In exploring new paths to market, Food Service Companies are increasingly looking to external providers to acquire the scientific and technological expertise that will help them improve their growth strategy and advance the capabilities of their own innovation teams.

Importantly, the process of incorporating this new knowledge base is often framed in terms of open innovation methodologies. Originally coined by Henry Chesbrough, open innovation practices can speed up knowledge transfer across a company‚Äôs traditional boundaries, allowing a competitive advantage to be achieved through cooperative agreements and joint concept discovery and exploration.

Barnraiser, a newly formed crowdfunding community, is attracting a lot of attention in food innovation circles in the U.S.

With a key focus on empowering the good food movement, a sizeable number of advocates for sustainable foods have converged with artisans, farmers, educators, community leaders and politicians to launch a series of food projects whose aim is nothing less than the transformation of our food systems.

The demand for sustainable products and the requirement that businesses improve their environmental performance has become central to the sustainability of business itself.

Companies are beginning to understand that consumers will favor products that are ethically sourced and that carry credentials attesting to their environmental performance.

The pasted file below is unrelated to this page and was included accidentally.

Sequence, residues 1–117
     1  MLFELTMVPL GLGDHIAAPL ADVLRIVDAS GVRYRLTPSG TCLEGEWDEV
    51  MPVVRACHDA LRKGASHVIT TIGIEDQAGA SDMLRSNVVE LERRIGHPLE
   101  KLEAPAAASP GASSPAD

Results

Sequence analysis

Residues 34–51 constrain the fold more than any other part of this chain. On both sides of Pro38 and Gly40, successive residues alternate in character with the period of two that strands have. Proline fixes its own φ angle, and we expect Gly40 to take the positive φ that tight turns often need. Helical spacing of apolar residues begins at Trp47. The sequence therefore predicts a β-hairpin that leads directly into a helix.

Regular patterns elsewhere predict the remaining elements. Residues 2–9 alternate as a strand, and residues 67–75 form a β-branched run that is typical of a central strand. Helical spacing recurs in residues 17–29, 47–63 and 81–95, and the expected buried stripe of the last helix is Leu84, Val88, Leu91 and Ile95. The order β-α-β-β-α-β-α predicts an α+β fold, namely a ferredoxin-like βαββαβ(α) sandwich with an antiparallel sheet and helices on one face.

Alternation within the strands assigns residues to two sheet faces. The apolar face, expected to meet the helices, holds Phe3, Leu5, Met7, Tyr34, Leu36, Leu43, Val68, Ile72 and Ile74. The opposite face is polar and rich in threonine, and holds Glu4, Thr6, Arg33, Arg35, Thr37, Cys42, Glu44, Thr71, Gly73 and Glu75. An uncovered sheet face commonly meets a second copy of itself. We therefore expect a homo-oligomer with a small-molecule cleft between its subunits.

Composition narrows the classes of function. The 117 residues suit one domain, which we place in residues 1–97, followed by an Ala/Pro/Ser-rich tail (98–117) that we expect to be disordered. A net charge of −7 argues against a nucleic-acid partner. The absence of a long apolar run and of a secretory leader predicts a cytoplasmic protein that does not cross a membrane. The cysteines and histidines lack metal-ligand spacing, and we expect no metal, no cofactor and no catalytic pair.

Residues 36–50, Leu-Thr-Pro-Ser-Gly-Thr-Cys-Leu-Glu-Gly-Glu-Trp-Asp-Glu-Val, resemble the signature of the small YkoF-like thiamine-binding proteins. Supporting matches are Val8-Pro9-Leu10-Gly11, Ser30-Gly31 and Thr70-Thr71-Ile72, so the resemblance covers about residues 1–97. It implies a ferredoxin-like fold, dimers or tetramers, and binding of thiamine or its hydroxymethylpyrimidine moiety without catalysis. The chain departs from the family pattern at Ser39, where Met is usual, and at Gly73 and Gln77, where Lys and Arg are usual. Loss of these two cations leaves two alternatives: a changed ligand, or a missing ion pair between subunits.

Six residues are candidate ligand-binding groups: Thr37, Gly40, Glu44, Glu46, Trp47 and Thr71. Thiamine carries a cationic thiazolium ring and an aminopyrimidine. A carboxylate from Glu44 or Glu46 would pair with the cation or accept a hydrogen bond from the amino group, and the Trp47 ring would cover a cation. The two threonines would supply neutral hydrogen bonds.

It has long been known that "bits of plastic get into our food from containers" notes Mathew Hoffman (MD) in a recent article.

While "our food, it seems, is always touching plastic" he believes that the consequences of this remain unknown.

Now, a spate of health controversies is fostering new discussions about the safety of plastics in the food industry. As potential risks from bisphenol A (BPA), widely used in packaging, become the focus of major studies, questions are being raised about the safety of food stored in plastic generally.

The challenges brought by global warming and the degradation to the environment caused by industrialization requires a multifaceted response, i.e., one which addresses the complexity of economic, social, environmental and technological interdependencies.

"No matter how useful man-made products are, there is nearly always a price to pay.

A key feature of the first Industrial revolution - and the three periods of industrial change that followed - was the profligate manner in which manufacturers used natural materials and released harmful man-made substances into the environment"

- Peter March, The New Industrial Revolution (Yale, 2012)